6 Lessons Learned Navigating Difficult Economic Times

Scaling / April 1, 2020 / Kristie

Navigating rapid changes in unforeseen circumstances is never easy. With the current situation of the COVID-19 pandemic, businesses all over the world are feeling the personal and economic effects. It’s stressful, and there’s a lot of uncertainty which is scary.

It’s hard (we know) but it’s important to remember that with every challenge comes opportunity. Through the twenty years of our company history, we’ve had to pivot and navigate multiple recessions and situations to keep the business moving forward during difficult economic times. Through the dotcom bubble burst, 9/11, and the 2008 financial crisis, there are lessons we’ve learned along the way to navigate difficult economic situations.

Our core purpose is to empower small businesses, so we’re sharing these key lessons with you hoping they help spark some ideas so you can navigate this difficult time and come out on top! At the very least, we hope sharing our story of challenges we’ve been through and how we’ve adapted will give you some hope and motivation during a time when everything is in disarray. Looking back at challenges we’ve had in in the past has also reminded us that there’s hope to make it through. Like everyone else, we’re unsure and worried, but we’re reminding ourselves that we’ve been through challenging times before and survived so we can get through this together.

These lessons are not easy. Sometimes life throws you curveballs that force you to make tough decisions that are unpopular or unideal, but if you’re focused and stay optimistic, there’s a way forward.

navigating difficult economic times

1) Be objective and look for opportunities. Remember, it’s temporary.

Changes in the economy can quickly throw a business into shambles. But if you look at the situation objectively, you can find and create opportunities to pivot and make something better out of a crappy situation. It involves making tough decisions which may not be ideal, but hey, you gotta play the hand you’re dealt.

In 1999 when our CEO, Alykhan Jetha (AJ), started Marketcircle the original business plan was to build an online market place where people could buy and sell their services or products by negotiating deals – think eBay but with negotiations instead of an auction. AJ and Michael Clark (our current COO), had built the product but needed money to get it to market. AJ had set up a meeting with a potential investor, but by the time his meeting with this investor came, the dotcom bubble had begun to burst. AJ was told by the potential investor, “Everything is falling apart. Leave.” AJ and Mike’s business was at a standstill. They had accumulated $250K of debt to AJ’s friends and family to build this product. They now had the product but had only a few customers and not enough revenue to move forward. Given the economy at that time, they had zero chance of getting any investment money. As the saying goes, they were “up shit’s creek without a paddle.”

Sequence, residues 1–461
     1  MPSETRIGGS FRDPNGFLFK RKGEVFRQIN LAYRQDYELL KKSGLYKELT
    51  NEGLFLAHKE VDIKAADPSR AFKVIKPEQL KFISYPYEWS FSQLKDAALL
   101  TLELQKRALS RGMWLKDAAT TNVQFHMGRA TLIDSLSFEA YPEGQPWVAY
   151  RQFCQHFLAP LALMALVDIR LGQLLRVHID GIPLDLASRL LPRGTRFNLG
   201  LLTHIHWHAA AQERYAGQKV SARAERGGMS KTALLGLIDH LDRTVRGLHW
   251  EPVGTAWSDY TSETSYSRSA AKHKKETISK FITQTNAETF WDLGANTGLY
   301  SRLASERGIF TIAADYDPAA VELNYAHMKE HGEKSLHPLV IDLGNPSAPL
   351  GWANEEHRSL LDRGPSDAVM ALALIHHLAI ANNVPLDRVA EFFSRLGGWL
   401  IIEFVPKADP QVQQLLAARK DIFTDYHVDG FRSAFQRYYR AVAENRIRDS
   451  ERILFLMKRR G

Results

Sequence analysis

They had to make a decision and they had to make a decision fast. Do they fold the business, apologize to friends and family that they had no way to pay them back, and start looking for jobs? Or was there a silver lining – an opportunity to keep the business going? AJ and Mike sat and thought about their situation. They asked themselves what skillset they had, what the current market needed, and how they could pivot the business to leverage those skills and the current market needs.

An idea for an opportunity emerged. Their skillset was in coding and there were companies that needed custom development work. While it wasn’t what either AJ or Mike wanted to do, they sucked it up and pivoted the business to a consulting business that offered custom development work. It wasn’t what they were passionate about and it meant temporarily giving up on their dream for bringing a new product to the market, but it was a way to make money so they could pay back AJ’s friends and family over time. This was the first of many pivots in our company history.

There’s always a silver lining if you look for it, but sometimes it’s hard to see. For us at the time, the silver lining was through networking and building the business so far, we had built relationships with people who needed a skillset we had – coding. Try to be objective about your situation and look at the big picture. What skillset do you have? What does the current market need? And try to remember that it’s temporary. A shift in your business doesn’t mean it has to last forever.

Look at Lyft, for example. With people around the globe in self-isolation, nobody is taking rides to the office, to meet friends, or home from the bars (which are all closed). Lyft’s skill is in transportation. What the market needs right now are medical supplies to deal with the current pandemic and a way to deliver food to people’s homes while they’re in quarantine. People still gotta eat, right? So Lyft has pivoted to deliver medical supplies and meals.

Another example is Tito’s Vodka. With restaurants and bars closed and music festivals not happening anytime soon, Tito’s is probably selling way less alcohol than they usually do. Tito’s still has their facilities and equipment, so Tito’s has pivoted to using their equipment to make hand sanitizer.

2) You get “lucky” if you’re prepared

As the adage goes, luck is when opportunity meets preparedness. Life has a way of presenting opportunities and if we’re prepared and open-minded, we can jump at them and make the best out of a shitty situation.

While doing consulting work, AJ and Mike developed two products – partly for tech demos so they could showcase their coding skills to get new clients and partly bets to hedge so they could potentially one day focus on selling products. The first product was MarketGauge which was similar to what SurveyMonkey is today. The second was Daylite. AJ and Mike built Daylite to help organize themselves. They were so focused on client work that they’d often forget to follow up with leads and therefore missed out on business. So they built Daylite to help them keep on top of potential leads and manage projects at the same time. With Daylite they got two birds with one stone – they had a tech demo tool to show off to potential clients to land new deals and they had a way to organize themselves.